Disability or Difference?
I’ve had a client whose son had Asperger’s which is considered to be in the “autism spectrum disorder’ category. The people at his school said he had a learning disability. In one conversation with my client, I challenged that judgment. I asked…”When he plays video games, does he get better?”
“Yes” was his reply. Then I responded with this observation. Perhaps he doesn’t have a learning disability, he has a learning difference. Because in order to get better at anything you have to be able to learn. Which meant, clearly his son could learn and quite easily it appeared. It was just that either the subject matter wasn’t relevant to him, or the manner in which it was presented didn’t match his learning difference.
Both of which were probably true since the U.S. Education system seems to operate with factory mentality of treating all kids as if they are the same when each is perfectly unique and deserves to be addressed that way. But honoring the uniqueness of each child might tax the system’s resources, hence the homogeneous approach common to most schools that says something like, “We must establish a norm then rate people above and below, and then we give rewards to those above said norm while punishing those below with a judgment called ‘disability’ as a label to wear for the rest of their lives.
Working with What Is
Perhaps, what’s wanted is something that is near and dear to the profession of coaching. It’s the notion of working with the ‘given’ conditions and then seeing what’s possible from there. In this case, the coach understands that difference is more important than what’s been labelled normal or a disability and seeks to leverage the unique expression of life before them.
Coaches seek to honor that something else is going on and on the human level, that something deserves the respect of being looked at without judgment and encouraged to fulfill as best as possible the desire of that client.
Now I began with some numbers…and to me…when the numbers are as high as they are in the world population, it’s time we began to challenge the words we use and begin to see things from difference vs. disability. See things as ‘yes, there are special needs to be taken care of’ but that doesn’t make those who need them less in any way shape or form. In this way, our world citizens can be honored as they are without judgment.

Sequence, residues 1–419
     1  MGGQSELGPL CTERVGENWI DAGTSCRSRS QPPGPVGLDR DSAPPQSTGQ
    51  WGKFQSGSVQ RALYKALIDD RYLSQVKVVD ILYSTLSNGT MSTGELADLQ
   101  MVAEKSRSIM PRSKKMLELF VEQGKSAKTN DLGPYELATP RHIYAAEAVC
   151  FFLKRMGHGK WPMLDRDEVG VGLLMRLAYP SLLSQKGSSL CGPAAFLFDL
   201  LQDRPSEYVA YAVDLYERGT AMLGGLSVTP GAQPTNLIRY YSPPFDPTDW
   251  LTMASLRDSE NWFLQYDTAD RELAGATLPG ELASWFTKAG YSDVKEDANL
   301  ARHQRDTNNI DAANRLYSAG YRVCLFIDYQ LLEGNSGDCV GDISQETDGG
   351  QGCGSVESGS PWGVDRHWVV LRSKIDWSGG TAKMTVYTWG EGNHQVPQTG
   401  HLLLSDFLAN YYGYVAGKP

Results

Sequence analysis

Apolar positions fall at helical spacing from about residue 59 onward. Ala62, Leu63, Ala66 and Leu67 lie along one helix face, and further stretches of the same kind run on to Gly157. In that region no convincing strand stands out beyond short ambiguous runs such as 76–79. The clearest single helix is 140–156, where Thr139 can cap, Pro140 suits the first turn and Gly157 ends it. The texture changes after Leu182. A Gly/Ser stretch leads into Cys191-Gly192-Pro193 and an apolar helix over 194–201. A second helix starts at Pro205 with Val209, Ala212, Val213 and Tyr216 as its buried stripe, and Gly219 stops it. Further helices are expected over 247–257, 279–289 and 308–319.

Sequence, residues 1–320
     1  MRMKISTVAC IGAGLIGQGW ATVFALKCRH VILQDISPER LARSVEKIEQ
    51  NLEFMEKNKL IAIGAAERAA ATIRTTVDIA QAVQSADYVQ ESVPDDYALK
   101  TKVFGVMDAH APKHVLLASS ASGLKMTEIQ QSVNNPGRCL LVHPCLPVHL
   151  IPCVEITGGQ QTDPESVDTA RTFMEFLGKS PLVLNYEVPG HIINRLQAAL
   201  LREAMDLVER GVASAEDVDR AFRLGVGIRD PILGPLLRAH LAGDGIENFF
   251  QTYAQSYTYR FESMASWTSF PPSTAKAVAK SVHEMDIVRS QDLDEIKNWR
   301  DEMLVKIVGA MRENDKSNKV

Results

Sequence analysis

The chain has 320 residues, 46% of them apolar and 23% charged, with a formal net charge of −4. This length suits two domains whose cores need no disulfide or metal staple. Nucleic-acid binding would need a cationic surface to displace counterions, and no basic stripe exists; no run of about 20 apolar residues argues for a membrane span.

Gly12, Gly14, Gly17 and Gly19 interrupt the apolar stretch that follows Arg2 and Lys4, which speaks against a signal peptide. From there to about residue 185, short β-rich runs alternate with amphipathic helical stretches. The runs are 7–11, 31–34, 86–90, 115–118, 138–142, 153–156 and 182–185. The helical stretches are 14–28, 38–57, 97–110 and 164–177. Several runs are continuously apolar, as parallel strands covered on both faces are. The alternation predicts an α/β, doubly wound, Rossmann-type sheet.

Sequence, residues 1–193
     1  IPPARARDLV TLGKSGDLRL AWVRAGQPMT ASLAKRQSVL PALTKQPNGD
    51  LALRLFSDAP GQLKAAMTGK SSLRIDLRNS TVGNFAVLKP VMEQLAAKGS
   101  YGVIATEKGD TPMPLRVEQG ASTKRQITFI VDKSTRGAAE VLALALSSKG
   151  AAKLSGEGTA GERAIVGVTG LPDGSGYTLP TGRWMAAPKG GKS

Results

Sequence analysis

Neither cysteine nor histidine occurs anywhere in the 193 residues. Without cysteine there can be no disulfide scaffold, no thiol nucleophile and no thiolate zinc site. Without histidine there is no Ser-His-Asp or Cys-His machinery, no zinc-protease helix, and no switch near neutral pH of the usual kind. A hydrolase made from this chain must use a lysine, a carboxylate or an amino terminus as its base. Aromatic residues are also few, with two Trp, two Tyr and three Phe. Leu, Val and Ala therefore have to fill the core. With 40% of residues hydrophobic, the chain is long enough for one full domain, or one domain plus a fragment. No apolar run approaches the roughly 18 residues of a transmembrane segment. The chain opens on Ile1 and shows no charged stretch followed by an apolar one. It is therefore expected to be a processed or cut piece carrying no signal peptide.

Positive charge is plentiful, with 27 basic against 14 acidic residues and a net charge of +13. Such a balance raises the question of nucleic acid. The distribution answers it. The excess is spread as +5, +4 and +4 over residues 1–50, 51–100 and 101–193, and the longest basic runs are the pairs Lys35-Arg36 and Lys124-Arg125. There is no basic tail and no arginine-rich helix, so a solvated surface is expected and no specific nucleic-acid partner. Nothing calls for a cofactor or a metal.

We are all ‘human’
We can afford to shift what we consider ‘normal’ is, and have it simply signal, ‘the usual way in which something like intelligence is expressed’. Then let’s be curious about how each life form’s intelligence is expressed in different ways and honor that difference.
What I witnessed in watching those Special Olympics was people of all ages with many “disabilities”, sharing the same human traits of perseverance, dedication, joy, passion, effort, desire to win, overcoming obstacles (in some cases ridiculous in their scope of just how challenging they were) as we see in the ‘abled’ folk who do sports. In some cases, they showed even more compassion and respect for their competitors, that we see in the trash talking world of professional sports.
Maybe these Olympics are “Special” for a different reason. Perhaps, just perhaps, there’s an enormous lesson about seeing the humanness in others. Regardless of physical expression or difference we can learn from those we have called ‘disabled.’
Because the way they treated each other was nothing short of true inspiration. I was and am, still deeply moved by what I witnessed.
A bit about Michael
Michael Stratford, MCC is more than an ICF Master Certified Coach. He was a pioneer in the coaching profession. That same questing spirit keeps him curious about the next evolution of coaching and exploring that in his upcoming program, Evolutionary Coach.
He is an active ICF Assessor. Michael is a personal coach, business coach and executive coach, with the common theme of drawing out the uniqueness of each of his clients, so they can use their gifts and talents to further excel in their work and life.
Michael is a playfully engaging speaker, trainer of coaches with an international reputation for thinking outside the box, and evoking a shift in the ‘being’ of each of his clients. His unorthodox thought leadership has been a powerful asset for all his clients when challenging their limitations for success.
Contact Michael on how you might work together.